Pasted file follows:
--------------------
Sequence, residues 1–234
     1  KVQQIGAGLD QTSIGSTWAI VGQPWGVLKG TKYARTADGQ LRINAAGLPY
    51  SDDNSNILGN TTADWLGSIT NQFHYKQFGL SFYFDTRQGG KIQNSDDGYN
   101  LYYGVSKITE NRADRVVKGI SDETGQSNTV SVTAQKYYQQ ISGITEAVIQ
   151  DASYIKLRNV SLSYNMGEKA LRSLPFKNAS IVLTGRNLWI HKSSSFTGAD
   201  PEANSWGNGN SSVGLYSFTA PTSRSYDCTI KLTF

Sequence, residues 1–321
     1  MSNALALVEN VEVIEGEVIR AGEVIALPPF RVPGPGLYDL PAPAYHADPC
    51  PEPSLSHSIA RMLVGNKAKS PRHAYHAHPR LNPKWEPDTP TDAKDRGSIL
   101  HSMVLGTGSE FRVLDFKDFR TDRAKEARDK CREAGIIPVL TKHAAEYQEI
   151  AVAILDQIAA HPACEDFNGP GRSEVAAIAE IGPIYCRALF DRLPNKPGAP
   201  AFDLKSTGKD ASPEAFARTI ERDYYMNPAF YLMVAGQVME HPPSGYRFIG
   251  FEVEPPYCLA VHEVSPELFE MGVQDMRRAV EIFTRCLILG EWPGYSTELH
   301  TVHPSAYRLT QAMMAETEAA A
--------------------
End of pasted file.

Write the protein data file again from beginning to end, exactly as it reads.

Sequence, residues 1–234
     1  KVQQIGAGLD QTSIGSTWAI VGQPWGVLKG TKYARTADGQ LRINAAGLPY
    51  SDDNSNILGN TTADWLGSIT NQFHYKQFGL SFYFDTRQGG KIQNSDDGYN
   101  LYYGVSKITE NRADRVVKGI SDETGQSNTV SVTAQKYYQQ ISGITEAVIQ
   151  DASYIKLRNV SLSYNMGEKA LRSLPFKNAS IVLTGRNLWI HKSSSFTGAD
   201  PEANSWGNGN SSVGLYSFTA PTSRSYDCTI KLTF

Sequence, residues 1–321
     1  MSNALALVEN VEVIEGEVIR AGEVIALPPF RVPGPGLYDL PAPAYHADPC
    51  PEPSLSHSIA RMLVGNKAKS PRHAYHAHPR LNPKWEPDTP TDAKDRGSIL
   101  HSMVLGTGSE FRVLDFKDFR TDRAKEARDK CREAGIIPVL TKHAAEYQEI
   151  AVAILDQIAA HPACEDFNGP GRSEVAAIAE IGPIYCRALF DRLPNKPGAP
   201  AFDLKSTGKD ASPEAFARTI ERDYYMNPAF YLMVAGQVME HPPSGYRFIG
   251  FEVEPPYCLA VHEVSPELFE MGVQDMRRAV EIFTRCLILG EWPGYSTELH
   301  TVHPSAYRLT QAMMAETEAA A